- Also Read | Service and maintenance issues were not neglected either: we have tears to clean our eyes and birds and reptiles have a nictitating membrane which works rather like a windshield wiper – and which also protects the eyes of birds like falcons and gannets, while diving at suicidal speeds.
Predators, like the carnivores and raptors, usually have forward facing eyes giving them binocular vision and thus the ability to inpoint their targets accurately, while prey species, like horses and rabbits have eyes on the sides of their faces giving them a wide-angle coverage, to help detect predators sneaking up from behind.
- Eagles are thought to have the best eyesight of all; their eyes are as many as eight times sharper than ours.
- We don’t do too badly either.
- Our vision is four to seven times as sharp as those of cats and dogs and 100 times sharper than that of a mouse or fruit fly! Owls have a huge number of rods (light-detecting cells) to help them see during their night-hunting expeditions.
Perhaps, the most sophisticated eyes belong to the mantis shrimp, which have 12 to 16 photo-receptors and can see both polarised and ultraviolet light. Snails can just make out light and dark, mosquitoes not much more. It is thought that the rapid evolution of the eye partially contributed to the Cambrian Explosion, suddenly life got moving! could chase after prey, and living creatures could wander long distances and evolve further.
- It is mind-boggling to think how infinitesimal improvements in each generation, over a million of years, could lead from something quite crude like light-sensitive cells to something as sophisticated (and beautiful) as the eye.
- We take these great triumphs of nature for granted and can only copy them.
We, and many animals, use our eyes for more than just seeing. The besotted look deep and soulfully into the eyes of their partners, our dogs look pleadingly at us and then the biscuit we aren’t giving them, monkeys glare and challenge all who look straight at them, the mischievous slow-wink at members of the opposite sex (and cause furore in society) and the fixed pitiless golden eyes of the lion leave in no doubt, its intention towards you.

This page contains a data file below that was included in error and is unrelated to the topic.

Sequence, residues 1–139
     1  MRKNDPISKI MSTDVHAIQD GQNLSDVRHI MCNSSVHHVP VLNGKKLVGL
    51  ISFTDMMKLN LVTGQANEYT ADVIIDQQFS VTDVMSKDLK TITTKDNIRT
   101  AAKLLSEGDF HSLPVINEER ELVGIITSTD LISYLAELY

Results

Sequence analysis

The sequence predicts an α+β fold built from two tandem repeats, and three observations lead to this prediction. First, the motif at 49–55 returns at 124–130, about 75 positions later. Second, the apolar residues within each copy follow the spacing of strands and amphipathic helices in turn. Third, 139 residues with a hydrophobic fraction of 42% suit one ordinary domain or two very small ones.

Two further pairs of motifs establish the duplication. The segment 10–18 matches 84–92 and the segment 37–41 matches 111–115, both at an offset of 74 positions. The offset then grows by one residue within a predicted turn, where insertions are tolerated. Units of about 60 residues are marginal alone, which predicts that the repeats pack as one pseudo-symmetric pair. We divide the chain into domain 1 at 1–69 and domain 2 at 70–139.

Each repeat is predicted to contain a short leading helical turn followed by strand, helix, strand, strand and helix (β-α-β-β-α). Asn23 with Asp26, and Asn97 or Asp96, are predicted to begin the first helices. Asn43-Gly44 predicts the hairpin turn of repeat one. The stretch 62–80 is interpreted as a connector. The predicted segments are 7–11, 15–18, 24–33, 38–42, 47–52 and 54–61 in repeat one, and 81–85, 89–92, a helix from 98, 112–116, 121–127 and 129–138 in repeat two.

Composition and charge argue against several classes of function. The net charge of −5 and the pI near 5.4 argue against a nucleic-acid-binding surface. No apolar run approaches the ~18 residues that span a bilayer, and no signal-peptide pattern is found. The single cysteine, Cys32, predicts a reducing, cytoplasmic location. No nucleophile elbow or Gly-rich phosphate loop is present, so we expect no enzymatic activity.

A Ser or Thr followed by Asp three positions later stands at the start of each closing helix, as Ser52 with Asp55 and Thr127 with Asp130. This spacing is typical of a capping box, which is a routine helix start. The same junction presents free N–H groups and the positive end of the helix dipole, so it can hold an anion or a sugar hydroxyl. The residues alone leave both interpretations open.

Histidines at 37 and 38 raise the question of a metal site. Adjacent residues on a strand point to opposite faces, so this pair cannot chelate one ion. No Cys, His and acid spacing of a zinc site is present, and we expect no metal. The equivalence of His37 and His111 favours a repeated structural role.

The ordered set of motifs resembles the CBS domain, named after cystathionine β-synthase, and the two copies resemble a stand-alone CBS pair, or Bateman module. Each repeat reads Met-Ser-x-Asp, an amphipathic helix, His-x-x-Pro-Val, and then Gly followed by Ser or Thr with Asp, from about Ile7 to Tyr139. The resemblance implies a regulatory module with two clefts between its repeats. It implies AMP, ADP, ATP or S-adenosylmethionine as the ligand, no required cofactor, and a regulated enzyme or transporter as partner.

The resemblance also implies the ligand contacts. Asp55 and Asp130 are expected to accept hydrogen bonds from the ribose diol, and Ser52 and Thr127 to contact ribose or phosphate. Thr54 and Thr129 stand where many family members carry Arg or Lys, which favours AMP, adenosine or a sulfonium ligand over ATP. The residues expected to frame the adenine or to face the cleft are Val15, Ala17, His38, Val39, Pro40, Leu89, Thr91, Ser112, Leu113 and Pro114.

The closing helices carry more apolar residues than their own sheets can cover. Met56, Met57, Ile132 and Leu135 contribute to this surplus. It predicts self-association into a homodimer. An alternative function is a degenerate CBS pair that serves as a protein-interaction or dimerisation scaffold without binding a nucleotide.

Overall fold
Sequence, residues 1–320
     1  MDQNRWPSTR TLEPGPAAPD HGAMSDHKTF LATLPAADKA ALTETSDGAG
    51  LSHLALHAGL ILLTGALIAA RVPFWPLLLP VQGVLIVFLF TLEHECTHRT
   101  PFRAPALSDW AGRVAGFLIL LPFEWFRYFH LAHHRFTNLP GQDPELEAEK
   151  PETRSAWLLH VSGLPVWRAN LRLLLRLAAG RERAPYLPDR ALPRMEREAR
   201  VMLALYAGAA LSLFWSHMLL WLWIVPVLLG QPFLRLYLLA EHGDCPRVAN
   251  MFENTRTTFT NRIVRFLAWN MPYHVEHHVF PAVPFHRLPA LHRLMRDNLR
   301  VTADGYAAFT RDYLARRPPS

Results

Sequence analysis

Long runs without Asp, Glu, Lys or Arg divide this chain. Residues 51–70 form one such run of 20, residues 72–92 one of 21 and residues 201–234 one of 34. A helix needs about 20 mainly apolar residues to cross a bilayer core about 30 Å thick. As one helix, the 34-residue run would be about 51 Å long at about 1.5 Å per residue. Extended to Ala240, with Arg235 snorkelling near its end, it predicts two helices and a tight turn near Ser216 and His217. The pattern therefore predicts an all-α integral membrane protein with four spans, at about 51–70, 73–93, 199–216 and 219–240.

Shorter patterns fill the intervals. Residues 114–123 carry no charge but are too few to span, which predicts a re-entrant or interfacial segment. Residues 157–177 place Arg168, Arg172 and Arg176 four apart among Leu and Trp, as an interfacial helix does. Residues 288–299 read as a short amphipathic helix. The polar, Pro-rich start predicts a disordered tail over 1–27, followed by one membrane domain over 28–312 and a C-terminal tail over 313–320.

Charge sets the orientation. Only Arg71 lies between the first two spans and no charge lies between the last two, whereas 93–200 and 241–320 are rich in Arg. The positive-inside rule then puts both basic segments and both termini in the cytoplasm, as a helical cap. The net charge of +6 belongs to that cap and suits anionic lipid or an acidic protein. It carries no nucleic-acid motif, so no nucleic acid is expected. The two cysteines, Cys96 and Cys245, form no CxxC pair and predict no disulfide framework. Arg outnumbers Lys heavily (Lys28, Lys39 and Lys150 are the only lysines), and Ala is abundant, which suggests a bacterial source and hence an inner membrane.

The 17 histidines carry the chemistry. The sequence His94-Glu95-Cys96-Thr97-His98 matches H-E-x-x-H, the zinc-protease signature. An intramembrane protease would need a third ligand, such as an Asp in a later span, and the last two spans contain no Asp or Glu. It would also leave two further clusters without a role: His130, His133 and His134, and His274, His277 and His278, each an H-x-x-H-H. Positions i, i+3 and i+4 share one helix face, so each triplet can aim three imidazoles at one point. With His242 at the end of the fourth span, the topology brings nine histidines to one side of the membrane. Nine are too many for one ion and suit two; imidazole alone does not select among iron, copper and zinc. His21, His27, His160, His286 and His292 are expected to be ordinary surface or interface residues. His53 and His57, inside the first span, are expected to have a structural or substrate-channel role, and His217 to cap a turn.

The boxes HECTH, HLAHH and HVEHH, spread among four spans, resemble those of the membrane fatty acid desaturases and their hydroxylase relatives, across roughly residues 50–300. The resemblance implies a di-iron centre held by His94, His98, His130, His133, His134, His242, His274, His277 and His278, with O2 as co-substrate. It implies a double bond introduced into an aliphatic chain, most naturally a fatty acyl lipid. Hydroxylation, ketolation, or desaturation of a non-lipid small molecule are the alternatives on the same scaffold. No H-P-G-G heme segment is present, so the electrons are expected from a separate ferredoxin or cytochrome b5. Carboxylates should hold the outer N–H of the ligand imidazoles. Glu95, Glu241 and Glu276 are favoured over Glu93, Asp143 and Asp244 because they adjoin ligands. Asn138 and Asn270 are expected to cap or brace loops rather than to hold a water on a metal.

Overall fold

What do actors put in their eyes crying?
Use a menthol tear stick. Actors cry a lot on camera, and it can be challenging to sustain that emotion for multiple takes in a row. As such, even professional actors will use menthol tear sticks—apply lightly under the eyes, and the fumes will make your eyes water.
Why do actors cry from one eye?
The secrets behind on-screen movie tears Movie tears smell like cough drops. Why? Because some of the methods used to induce the tears include the same ingredients that help to squelch a pesky cough. On demand, a skilled actor can produce a full range of emotions.
- Screaming rage is easy compared to a tear-filled moment of emotional tenderness.
- It is those tiny drops of salt-water that present the challenge.
- So, how does exactly one cry on film? In most scenes, tears are produced in one of four ways: The first is a product called a tear stick or menthol stick.
- It is a stick of wax packaged in a standard lipstick tube with the key ingredient of menthol — the that creates the cold sensation in cough drops and breath mints.
When the actor or makeup artist puts a streak of wax close to the eye, the eyes water, giving the flood of tears the actor can then use as part of the performance. A more complicated device called a tear puffer or tear blower is a small, hand-held cylinder that shoots a single puff of menthol-laden air into the actor’s eye.
- The clear plastic tube is spring-loaded and held in the cocked position until the actor triggers it.
- The puff creates instant tears in the affected eye.
- The skills required for this illusion is the ability to hide the device from the camera or audience and to puff both eyes at the same time.
- The third method is for the actor to simply remember a sad moment from their private life.